The increasing risk of mobile breaches turning smartphones into surveillance devices is behind a growing niche market for devices designed specifically for enhancing privacy, according to UAE-based mobile phone brand, Four.
Smartphones are packed with connected features, with high-definition cameras and GPS location almost universally standard.
They can also be used to turn a mobile phone into a spy device, able to take and record photographs, location data, and even map inside a home or workplace, without the user’s knowledge or permission.
This risk is something that K500, Four’s latest smartphone at just Dh299, is designed to guard against by doing away with the camera and GPS altogether.
“There is a very real concern that your mobile phone could be hijacked by malware, photographing you, friends and family, spying inside the home or workplace,” said Four’s founder and CEO, Faisal Al Bannai.
“This can happen by downloading a seemingly innocent app onto the phone, but within the app are a series of permissions, allowing access to cameras, GPS location and so on, that transform the camera into a spy device. The app is the so-called Trojan horse that installs surveillance software onto the device, and brings intruders into your private environment.”
A significant concern would be ‘peeping Tom’ malware, allowing hackers to collect personal images, via the device’s camera. Combined with GPS, images can become a real threat to personal safety and privacy.
Easy-to-create malware can be dangerously effective in collecting information. In 2012, the US Naval Surface Warfare Centre ran an experiment to find out how much information it could harvest via a relatively simple custom-made smartphone app.
Called PlaceRaider, the app took random, high-resolution images at regular intervals, using GPS and motion sensors to record the time, location and orientation of each image, and uploaded the pictures onto a central server. By analysing the images and accompanying data, the research team was able to produce 3D renderings of building interiors, identifying precisely where valuable items could be found.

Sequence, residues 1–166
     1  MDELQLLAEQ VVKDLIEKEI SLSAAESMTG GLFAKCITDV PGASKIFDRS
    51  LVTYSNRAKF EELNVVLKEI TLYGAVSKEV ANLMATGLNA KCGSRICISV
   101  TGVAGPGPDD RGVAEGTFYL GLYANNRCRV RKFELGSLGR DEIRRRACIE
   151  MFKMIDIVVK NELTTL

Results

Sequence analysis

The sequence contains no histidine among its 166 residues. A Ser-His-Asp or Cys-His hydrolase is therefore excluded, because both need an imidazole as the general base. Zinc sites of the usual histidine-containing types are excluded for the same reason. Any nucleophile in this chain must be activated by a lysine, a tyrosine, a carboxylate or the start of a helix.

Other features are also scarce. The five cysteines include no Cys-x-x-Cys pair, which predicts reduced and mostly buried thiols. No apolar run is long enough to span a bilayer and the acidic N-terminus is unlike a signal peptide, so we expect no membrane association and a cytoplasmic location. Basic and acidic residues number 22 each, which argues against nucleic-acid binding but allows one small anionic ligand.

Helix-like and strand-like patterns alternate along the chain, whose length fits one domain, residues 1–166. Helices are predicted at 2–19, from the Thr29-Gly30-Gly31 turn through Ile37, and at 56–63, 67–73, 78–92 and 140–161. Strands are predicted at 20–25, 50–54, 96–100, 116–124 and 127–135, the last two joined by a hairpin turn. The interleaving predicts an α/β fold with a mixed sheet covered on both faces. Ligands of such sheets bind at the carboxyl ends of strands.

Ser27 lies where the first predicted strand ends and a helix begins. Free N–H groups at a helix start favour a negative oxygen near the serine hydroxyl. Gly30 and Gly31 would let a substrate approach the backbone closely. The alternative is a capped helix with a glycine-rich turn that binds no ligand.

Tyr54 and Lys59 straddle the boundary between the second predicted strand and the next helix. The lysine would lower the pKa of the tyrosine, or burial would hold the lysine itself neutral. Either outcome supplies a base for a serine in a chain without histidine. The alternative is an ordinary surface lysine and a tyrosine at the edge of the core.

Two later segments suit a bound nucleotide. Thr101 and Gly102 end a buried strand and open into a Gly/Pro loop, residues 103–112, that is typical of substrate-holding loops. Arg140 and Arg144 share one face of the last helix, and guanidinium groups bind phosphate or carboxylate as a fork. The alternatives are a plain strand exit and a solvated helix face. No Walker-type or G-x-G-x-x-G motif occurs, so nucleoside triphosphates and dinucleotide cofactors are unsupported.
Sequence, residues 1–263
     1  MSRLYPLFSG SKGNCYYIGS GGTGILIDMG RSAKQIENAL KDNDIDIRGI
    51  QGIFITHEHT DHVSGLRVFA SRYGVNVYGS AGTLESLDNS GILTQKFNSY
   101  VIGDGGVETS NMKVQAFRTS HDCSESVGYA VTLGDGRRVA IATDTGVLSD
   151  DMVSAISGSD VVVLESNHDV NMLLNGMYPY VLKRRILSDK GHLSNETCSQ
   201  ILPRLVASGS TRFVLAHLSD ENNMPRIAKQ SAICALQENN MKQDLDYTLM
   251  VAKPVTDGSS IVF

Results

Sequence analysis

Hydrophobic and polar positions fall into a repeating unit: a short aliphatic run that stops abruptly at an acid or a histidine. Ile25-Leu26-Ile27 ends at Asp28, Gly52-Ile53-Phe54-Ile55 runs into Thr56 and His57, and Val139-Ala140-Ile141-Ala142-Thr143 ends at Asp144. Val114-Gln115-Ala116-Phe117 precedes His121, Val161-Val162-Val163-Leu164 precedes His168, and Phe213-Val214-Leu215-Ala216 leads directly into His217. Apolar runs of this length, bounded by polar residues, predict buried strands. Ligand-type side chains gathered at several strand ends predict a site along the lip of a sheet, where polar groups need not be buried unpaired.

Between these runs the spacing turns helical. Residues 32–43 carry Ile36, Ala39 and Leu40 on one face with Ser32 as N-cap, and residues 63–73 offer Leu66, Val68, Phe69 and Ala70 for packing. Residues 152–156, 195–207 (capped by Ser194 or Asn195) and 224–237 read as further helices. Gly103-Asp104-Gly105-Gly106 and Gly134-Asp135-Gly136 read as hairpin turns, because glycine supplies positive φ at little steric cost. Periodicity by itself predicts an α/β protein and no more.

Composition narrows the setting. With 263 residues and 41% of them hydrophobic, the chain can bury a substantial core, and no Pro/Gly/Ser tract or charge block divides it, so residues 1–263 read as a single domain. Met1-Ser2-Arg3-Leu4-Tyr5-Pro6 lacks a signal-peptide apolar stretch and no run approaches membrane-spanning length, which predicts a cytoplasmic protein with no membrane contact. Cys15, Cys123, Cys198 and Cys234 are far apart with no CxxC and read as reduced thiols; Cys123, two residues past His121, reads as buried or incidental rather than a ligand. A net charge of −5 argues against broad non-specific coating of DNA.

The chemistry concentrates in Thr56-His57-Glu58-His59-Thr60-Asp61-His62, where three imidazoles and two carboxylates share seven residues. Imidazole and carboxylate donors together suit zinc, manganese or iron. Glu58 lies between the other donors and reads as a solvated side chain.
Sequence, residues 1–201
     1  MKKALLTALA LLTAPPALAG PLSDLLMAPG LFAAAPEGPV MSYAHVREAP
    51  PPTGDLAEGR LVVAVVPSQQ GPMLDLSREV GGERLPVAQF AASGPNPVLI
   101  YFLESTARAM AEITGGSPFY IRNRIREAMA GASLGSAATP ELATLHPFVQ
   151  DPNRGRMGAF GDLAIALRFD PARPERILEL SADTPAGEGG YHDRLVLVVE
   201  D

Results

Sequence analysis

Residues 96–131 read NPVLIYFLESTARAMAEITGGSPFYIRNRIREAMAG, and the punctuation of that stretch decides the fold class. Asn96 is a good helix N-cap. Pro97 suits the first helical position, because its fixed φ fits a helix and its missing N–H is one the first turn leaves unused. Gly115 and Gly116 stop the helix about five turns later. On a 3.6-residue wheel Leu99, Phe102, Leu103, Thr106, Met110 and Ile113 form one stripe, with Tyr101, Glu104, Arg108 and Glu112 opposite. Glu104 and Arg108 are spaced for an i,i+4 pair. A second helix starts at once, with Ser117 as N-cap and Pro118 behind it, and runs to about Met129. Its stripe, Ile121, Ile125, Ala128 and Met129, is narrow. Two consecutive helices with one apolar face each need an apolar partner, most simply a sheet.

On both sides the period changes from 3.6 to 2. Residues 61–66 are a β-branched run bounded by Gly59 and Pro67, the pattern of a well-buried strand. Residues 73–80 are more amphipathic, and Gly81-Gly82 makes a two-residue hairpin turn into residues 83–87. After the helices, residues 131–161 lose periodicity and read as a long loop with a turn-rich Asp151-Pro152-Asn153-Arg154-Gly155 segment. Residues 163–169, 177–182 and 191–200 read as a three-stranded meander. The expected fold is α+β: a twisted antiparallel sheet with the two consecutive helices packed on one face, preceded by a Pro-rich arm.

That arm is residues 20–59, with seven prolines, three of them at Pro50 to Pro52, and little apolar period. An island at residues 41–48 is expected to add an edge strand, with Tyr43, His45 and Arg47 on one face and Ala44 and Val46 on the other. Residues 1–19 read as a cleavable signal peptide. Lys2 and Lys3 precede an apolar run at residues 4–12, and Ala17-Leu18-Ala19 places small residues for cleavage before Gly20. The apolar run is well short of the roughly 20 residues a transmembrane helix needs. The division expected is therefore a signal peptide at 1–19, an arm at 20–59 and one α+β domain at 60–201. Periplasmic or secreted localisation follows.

The researchers noted that an app such as this could allow thieves to identify targets, and break into homes already knowing exactly where to find your valuables.
With such intrusive malware so simple to create and distribute, the most effective means of protection is to ensure the devices the malware exploits do not enter secure environments. The Four K500 helps achieve this by omitting features that malware depends upon – camera and GPS – while otherwise being a full-featured smartphone.
“The K500 is tailored towards organisations that wish to absolutely eliminate the risk of being spied upon,” said Al Bannai. “There is no camera, and there is no GPS, which are the two key features that allow spyware to record a physical environment. Some workplaces are requiring such devices for reasons of site security, but we believe they can also play an important role in personal safety, and can be of great value to parents concerned about the safety of their children.”
As a brand focused on value, Four tailors its products to offer a carefully planned selection of popular features at a reasonable price, and the K500 is no different. With the exception of camera and GPS, it is a fully connected smartphone, with features including a quad-core processor, 3G connectivity, the latest Android 5.1 Lollipop operating system, 1GB RAM, 8GB memory, and 1900 mAh battery. It comes with two screen protectors and a free flip cover inside the box, along with a one-year warranty from axiom Telecom.
“The Four K500 is designed to fill a very specific need in the market, but it still includes essential features that customers value,” Al Bannai. “And it has a very important additional feature – the confidence that your privacy is protected.”